22 May 2023

ACHIEVING ABOLITION: Funding the Anti-Death Penalty Movement

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Harm Reduction International and World Coalition Against Death Penalty conducted research to map the funding situation for local, regional, and international abolitionist organisations. The paper synthesises data and inputs from 46 organisations around the world and articulates the need for additional funding to sustain progress toward universal abolition of the death penalty.


In the past 20 years, a growingly diverse, coordinated, and effective movement has achieved clear and significant progress towards universal abolition of the death penalty through high-impact campaigns on limited budgets. Growth in funding for civil society has been critical in securing gains. Now, changes in the funding landscape hint at a financial cliff for abolition work. 

If not reversed, this trend risks reversing important gains and weakening the promotion of many fundamental rights: whilst seemingly a concentrated struggle, retention of the death penalty is closely correlated with a lack of fair trial rights, opaque criminal systems, racism and discrimination in law enforcement, shrinking civic space, and lack of safeguards for human rights defenders; with the death penalty disproportionately impacting the most vulnerable in society, including racial, ethnic, or religious minority groups. Thus, funding for the death penalty abolition strengthens and reinforces broader human rights struggles and should be viewed as a deeply connected issue.

‘Achieving Abolition’ presents findings from a 2022 survey of 46 local, regional, and international organisations working on the abolition of the death penalty, including 18 based in the Global South.


  • In the past twenty years, the death penalty abolition movement has grown significantly in terms of members and organisational budgets (on average, +98% between 2012-2022). This has driven incredible progress towards abolition, through diverse but coordinated strategies. Clear signals are the abolition of capital punishment in law or practice by 33 countries between 2002 and 2022, and the 125 votes in favour of the 9th UNGA resolution on a moratorium on the use of the death penalty on 15 December 2022 (up from 104 in 2007).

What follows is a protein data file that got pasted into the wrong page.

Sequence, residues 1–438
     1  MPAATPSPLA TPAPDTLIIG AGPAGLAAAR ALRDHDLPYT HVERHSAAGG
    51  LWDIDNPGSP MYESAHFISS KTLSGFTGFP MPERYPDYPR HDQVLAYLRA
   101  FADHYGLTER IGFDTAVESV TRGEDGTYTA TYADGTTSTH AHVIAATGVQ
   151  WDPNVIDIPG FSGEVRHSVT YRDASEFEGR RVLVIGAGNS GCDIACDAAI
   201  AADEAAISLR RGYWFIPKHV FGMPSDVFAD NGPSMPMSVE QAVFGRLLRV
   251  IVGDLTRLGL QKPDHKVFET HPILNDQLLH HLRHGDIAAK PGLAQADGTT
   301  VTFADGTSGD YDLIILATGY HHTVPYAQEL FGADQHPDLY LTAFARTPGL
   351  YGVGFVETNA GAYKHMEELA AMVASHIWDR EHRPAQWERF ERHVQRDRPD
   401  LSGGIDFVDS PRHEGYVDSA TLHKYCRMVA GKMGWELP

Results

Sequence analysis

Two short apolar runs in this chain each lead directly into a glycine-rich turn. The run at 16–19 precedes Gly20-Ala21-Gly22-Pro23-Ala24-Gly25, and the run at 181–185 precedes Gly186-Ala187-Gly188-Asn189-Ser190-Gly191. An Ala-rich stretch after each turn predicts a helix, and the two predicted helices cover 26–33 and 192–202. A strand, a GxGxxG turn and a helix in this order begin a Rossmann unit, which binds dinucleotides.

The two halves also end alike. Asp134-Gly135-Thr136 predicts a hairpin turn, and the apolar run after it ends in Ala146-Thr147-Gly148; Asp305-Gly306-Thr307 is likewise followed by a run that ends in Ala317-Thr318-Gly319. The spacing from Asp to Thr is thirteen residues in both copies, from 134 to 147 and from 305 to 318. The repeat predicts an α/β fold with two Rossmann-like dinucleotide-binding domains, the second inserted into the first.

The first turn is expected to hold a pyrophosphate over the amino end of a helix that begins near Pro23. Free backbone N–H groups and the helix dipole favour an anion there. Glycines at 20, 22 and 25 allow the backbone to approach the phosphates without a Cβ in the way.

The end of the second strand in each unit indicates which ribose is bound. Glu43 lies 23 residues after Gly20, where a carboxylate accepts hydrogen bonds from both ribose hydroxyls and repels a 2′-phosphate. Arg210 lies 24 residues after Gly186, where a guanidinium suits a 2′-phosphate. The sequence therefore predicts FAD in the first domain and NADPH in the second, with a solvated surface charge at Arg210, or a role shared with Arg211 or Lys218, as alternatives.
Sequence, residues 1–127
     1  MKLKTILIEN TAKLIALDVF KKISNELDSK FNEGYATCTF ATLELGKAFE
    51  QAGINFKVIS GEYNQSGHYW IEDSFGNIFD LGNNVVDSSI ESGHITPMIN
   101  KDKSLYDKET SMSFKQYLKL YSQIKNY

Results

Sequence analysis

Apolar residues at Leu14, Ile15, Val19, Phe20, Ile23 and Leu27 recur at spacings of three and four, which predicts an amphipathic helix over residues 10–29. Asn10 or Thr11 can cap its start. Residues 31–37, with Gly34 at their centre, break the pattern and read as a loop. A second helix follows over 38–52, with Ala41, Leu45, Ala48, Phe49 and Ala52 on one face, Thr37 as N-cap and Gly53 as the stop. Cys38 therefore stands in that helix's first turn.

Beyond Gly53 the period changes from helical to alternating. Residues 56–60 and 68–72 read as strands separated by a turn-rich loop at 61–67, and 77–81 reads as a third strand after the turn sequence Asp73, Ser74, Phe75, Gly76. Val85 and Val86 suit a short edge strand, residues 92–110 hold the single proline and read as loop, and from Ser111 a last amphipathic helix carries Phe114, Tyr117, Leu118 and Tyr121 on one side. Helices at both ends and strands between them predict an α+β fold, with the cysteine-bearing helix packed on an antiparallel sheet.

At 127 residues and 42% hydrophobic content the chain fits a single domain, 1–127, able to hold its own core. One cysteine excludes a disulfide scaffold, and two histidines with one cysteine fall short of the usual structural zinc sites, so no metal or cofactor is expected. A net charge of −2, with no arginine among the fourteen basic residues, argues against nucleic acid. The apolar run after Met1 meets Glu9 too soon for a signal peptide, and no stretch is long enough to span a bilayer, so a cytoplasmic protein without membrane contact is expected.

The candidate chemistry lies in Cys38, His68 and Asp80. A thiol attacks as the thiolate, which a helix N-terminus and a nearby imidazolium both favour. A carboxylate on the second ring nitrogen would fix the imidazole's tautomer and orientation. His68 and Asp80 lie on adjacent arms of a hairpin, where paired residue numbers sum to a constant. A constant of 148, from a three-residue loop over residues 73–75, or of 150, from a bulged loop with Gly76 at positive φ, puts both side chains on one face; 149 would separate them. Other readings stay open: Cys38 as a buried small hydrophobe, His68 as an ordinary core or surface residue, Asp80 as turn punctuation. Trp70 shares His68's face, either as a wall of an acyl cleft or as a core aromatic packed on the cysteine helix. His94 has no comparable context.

• Significant challenges remain: over 30,000 people are on death row worldwide; executions continue to take place often shrouded in secrecy, including in some of the most populous and influential countries in the world (including China, Iran, Saudi Arabia, and the USA); civil society promoting abolition faces repression and abuse.
  • The high ‘return on investment’ in the past 20 years has clearly shown that adequate funding would advance progress towards the universal abolition of the death penalty as well as connected human rights struggles. But it needs to be consistent and long-term.
  • The average budget for abolition has increased significantly since 2012. Yet, the movement remains under-resourced and often operates by stretching funds. Of the 31 respondents that provided budget details, half had budgets for abolition equal to or less than $30,000 in 2022. To maximise effectiveness, groups often rely on small donations of money and unpaid staff: 30% of respondents pursued abolition work only through volunteers.
  • The funding situation is deteriorating. Respondents expressed concerns for the financial sustainability of abolition work in both the long and short term (in many cases, funding streams are due to end in 2022 or 2023, with no alternatives in sight). This is corroborated by indications of withdrawal of or reductions in death penalty funding by a number of philanthropic and institutional donors.
  • It is time for a redistribution of power and resources: more flexible, context-sensitive, and equitable funding sources and flows are needed. Most countries that retain the death penalty are in the Global South, and local organisations are leading the work towards abolition. Yet, funders are predominantly based in the Global North, and funding is skewed towards bigger, Europe-based groups. Joint funding applications and re-granting from North to South have been functional strategies, but they leave decision-making power with INGOs, reinforcing broader Global North-Global South power dynamics that the abolitionist (and broader human rights) movement have identified as needing to change.


  • INCREASE and SUSTAIN funding for the death penalty abolition movement.
  • CONVENE a meeting of current, former, and potential abolition funders and advocates.
  • PRIORITISE core, flexible, and long-term funding for civil society and TACKLE structural barriers and opacity in funding. 
  • SUPPORT the decolonisation of the abolition movement. Meaningfully advance the redistribution of  power and resources, including by exploring the potential of innovative, regionalised/localised pooled funding that puts decision making power and funding in the hands of local organisations.
  • RECOGNISE the many ways the death penalty is a harbinger of other deep, intersecting issues in the human rights field and fund death penalty abolition work from broader human rights portfolios.
  • EXPLORE funding work on the death penalty in countries considered to be ‘persistent executioners’ (such as Iran, China, and Vietnam) in which donors have been reluctant to invest.

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